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Economics of Baseball: The Orioles' shopping spree revisited

The Orioles spent a lot of money this offseason, nearly $36 million between trades and free agent signings. Their prolific spending netted them nine players, including their every-day designated hitter, every-day third baseman, every-day shortstop, every-day first baseman, closer, and top set-up man. Strategically, it seems like they tried to stick to 1-year commitments and acquire players that had fallen out of favor with their previous teams via trade. Their only multi-year acquisitions were the two years they gave Kevin Gregg as a free agent and the two years Mark Reynolds had left on his contract when he was acquired from the Diamondbacks. A fairly reasonable strategy for a rebuilding team with several holes and money to spend.

So far the Orioles have been a better team than they were last year, with a 23-24 record and -32 run differential (.429 PythagenPat W% in 2011, .338 PythagenPat W% in 2010), but was that $36 million money well spent? Let's take a look at the individual moves.

Vladimir Guerrero -- 1 year, $7.1 million

Guerrero's deal was for $8 million, total, but $3 million of it is deferred until 2016-2017 without interest, bringing the present value of the contract down to around $7.1 million. Guerrero has been used exclusively as a DH and hit .308/.332/.440, good for 0.5 rWAR, which gives him a $4 million dollars-to-win ratio. That's a bit better than the average free agent deal.

Derrek Lee -- 1 year, $7.25 million

Lee simply hasn't hit, with a .231/.311/.346 triple-slash and a 41-to-18 K/BB ratio. He's only accumulated 0.1 rWAR and the $7.25 million he signed for is beginning to look like a waste of cash.

Kevin Gregg -- 2 years, $10 million

With a 3.93 ERA in 18 and 1/3 innings the Gregg deal doesn't look terrible on the surface, but his 15-to-13 strikeout-to-walk ratio suggests the results aren't sustainable. Still, he's been worth 0.4 rWAR thus far (~$3.5 million $/W), so even if he's likely to regress and lose his job as the team's closer, the deal hasn't been a failure yet.

Cesar Izturis -- 1 year, $1.5 million

Izturis has not hit at all--.192/.250/.192 in 29 PA's--but Buck Showalter has been able to leverage him effectively as a defensive replacement. As a result he's netted the Orioles 0.3 rWAR. At ~$1.5 million $/W Izturis has been an efficient allocation of resources so far. If he starts hitting and manages to keep playing spectacular defense the Orioles could end up getting a huge bang for their buck with Izturis.

Jeremy Accardo -- 1 year, $1.08 million

Accardo hasn't been particularly good in the 21 and 2/3 innings he's pitched out of Baltimore's bullpen: 99 ERA+, 14-to-10 K/UIBB ratio, 2 HR allowed, but has managed to appear with an average leverage index of 1.4. While he'll need to be a fundamentally better pitcher to even sustain his mediocre results, 0.2 rWAR isn't bad at all for just a hair over $1 million (~$1.5 $/W ratio). The Orioles can retain Accardo as an arbitration-eligible player in 2012 if they choose.

Justin Duchscherer -- 1 year, $700,000

Duchscherer is yet to appear in a game and the latest from extended spring training is that he was scratched from his most recently scheduled rehab start. It seems unlikely that he'll pitch for the Orioles in 2011. It's hard to get upset about committing $700,000 to a guy who was a 4-win pitcher a few years ago, no matter how long his medical records are.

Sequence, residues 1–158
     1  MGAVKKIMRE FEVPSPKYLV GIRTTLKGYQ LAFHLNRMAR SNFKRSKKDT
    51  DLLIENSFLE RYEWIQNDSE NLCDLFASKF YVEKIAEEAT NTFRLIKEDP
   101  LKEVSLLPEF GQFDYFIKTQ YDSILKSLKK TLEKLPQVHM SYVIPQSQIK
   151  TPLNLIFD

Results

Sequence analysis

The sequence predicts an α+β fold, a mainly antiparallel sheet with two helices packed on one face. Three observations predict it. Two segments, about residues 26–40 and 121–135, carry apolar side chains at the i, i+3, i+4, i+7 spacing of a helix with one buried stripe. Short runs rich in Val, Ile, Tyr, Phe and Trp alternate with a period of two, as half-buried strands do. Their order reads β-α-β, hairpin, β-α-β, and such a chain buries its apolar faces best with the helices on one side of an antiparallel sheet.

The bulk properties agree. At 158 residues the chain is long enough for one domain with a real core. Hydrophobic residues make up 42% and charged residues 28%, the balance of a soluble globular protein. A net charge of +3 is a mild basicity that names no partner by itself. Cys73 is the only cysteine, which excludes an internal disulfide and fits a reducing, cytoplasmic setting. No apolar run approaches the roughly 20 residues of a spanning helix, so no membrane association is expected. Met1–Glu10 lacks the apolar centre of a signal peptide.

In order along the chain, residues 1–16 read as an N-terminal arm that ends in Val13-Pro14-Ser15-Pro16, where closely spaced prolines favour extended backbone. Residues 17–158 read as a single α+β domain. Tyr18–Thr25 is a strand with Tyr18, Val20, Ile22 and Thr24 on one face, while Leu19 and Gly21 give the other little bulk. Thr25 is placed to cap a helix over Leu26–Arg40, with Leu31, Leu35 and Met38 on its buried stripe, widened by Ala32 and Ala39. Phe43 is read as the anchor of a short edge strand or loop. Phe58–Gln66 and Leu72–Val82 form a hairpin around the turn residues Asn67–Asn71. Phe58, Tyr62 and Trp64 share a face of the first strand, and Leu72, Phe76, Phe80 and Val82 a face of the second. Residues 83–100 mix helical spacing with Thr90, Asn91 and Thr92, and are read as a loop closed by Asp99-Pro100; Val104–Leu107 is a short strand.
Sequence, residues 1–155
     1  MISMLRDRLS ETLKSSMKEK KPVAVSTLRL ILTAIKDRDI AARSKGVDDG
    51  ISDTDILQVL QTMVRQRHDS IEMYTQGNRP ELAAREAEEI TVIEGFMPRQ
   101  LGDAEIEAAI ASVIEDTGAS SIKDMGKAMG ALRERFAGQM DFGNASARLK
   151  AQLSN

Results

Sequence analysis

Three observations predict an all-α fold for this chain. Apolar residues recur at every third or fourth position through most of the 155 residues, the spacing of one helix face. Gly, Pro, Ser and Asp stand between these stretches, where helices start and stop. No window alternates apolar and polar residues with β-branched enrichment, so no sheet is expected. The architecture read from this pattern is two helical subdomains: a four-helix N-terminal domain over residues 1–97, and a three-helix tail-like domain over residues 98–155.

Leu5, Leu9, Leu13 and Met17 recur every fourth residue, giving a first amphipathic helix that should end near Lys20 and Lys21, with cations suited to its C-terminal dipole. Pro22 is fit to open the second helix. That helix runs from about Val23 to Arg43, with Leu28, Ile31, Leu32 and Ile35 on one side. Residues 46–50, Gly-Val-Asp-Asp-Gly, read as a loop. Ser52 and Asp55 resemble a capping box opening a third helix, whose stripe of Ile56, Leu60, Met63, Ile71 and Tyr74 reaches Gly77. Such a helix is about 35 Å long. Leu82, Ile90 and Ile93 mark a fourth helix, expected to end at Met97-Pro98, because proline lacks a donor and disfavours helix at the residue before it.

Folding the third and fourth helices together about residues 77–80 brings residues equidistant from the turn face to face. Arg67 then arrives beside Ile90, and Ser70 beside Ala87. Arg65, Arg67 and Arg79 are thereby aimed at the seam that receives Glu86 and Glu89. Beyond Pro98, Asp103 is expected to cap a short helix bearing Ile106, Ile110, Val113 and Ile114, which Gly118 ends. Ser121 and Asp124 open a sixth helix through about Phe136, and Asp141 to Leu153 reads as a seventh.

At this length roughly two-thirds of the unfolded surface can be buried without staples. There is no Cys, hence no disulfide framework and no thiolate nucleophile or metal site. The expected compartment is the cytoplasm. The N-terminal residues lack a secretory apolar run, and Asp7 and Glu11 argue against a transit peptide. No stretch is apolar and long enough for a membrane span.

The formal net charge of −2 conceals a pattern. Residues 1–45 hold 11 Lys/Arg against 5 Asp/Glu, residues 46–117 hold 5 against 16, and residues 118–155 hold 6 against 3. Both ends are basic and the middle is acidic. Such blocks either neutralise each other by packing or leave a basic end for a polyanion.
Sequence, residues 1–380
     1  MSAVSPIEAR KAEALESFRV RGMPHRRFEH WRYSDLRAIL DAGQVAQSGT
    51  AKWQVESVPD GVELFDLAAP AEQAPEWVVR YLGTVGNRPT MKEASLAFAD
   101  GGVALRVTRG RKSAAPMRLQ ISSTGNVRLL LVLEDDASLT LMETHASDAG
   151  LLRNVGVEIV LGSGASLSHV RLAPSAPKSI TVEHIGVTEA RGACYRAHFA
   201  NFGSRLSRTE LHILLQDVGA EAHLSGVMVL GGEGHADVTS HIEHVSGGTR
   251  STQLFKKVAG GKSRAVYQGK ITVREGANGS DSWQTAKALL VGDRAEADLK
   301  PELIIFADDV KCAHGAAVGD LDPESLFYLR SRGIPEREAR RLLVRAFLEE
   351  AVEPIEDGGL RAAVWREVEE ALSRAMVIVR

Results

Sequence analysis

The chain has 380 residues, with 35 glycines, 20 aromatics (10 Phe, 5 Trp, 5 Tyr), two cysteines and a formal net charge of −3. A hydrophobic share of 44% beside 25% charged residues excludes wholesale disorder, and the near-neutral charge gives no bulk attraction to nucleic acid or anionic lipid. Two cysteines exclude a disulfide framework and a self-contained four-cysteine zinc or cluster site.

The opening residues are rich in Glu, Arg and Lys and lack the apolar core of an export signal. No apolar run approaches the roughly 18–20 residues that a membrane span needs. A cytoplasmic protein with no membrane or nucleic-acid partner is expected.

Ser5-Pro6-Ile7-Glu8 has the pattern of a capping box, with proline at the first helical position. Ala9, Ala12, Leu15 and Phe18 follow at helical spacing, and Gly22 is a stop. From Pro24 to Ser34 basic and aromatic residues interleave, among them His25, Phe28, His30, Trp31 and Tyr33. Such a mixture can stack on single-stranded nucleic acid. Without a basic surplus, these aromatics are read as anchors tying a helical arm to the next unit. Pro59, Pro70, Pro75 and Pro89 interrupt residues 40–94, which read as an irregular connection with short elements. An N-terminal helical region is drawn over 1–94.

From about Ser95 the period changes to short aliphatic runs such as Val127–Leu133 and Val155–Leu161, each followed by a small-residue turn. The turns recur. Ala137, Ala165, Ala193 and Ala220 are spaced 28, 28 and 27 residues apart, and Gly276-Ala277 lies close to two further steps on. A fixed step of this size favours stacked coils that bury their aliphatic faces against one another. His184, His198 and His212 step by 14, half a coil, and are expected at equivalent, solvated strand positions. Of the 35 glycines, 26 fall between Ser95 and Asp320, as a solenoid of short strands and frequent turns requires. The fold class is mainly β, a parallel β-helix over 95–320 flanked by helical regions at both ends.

Koji Uehara -- 1 year, $3 million

Uehara has pitched extremely well for Orioles for his entire career and the same is true this year. As a high-leverage reliever he's pitched 20 innings with a 148 ERA+ and a 4.6 K/BB ratio, accumulating 0.6 rWAR. His $/W comes in right at $1.4 million, which is usually something you'll see from a very small commitment rather than a $3 million one. If Uehara stays healthy he could end up being a pretty good trade chip for the Orioles, should they decide to sell.

J.J. Hardy -- 1-year, $5.35 million (trade)

The Orioles sent a pair of fringy relievers to Minnesota in exchange for Hardy, Brendan Harris, and $500,000. Hardy has appeared in only 19 games, but they've been pretty good: .239/.316/.403 with above-average defense at SS according to TotalZone, good for 0.6 rWAR. If he keeps playing this well he'll end up making the Twins look foolish for giving him away so easily.

Mark Reynolds -- 2-years, $13 million (trade)

Reynolds is guaranteed $5 million in 2011, $7.5 million in 2012, and a $0.5 million buyout for his $11 million club option for 2013. Right now that option looks like it will be declined, because Reynolds has hit only .191/.298/.362 in 178 plate appearances for the Orioles. He has cut down on his strikeouts, which has unfortunately been coupled with a new-found inability to drive the ball (.171 ISO and only 5 homers). His 0.4 rWAR is entirely a product of playing 3rd base, and though TotalZone rates him as average at the hot corner thus far he isn't regarded as a good defensive player.


Some of the moves have worked out perfectly, some not so much, but overall the Orioles have paid ~$10.2 million to these 9 players and they have collectively provided 3.1 rWAR. At $3.3 million/win, the Orioles have done better than teams generally do on the open market (ignoring the value of the players traded away for Reynolds/Hardy). However, even though they have improved, their run differential suggests they're not going to be playing around .500 much longer and have little chance of contending in the AL East. Unless they start playing fundamentally better baseball pretty soon, we'll have to judge how well the $36 million was spent by what kind of prospects these players can bring back in deadline deals. Though probably not wasted, the $36 million will not buy the Orioles a meaningful baseball game this fall.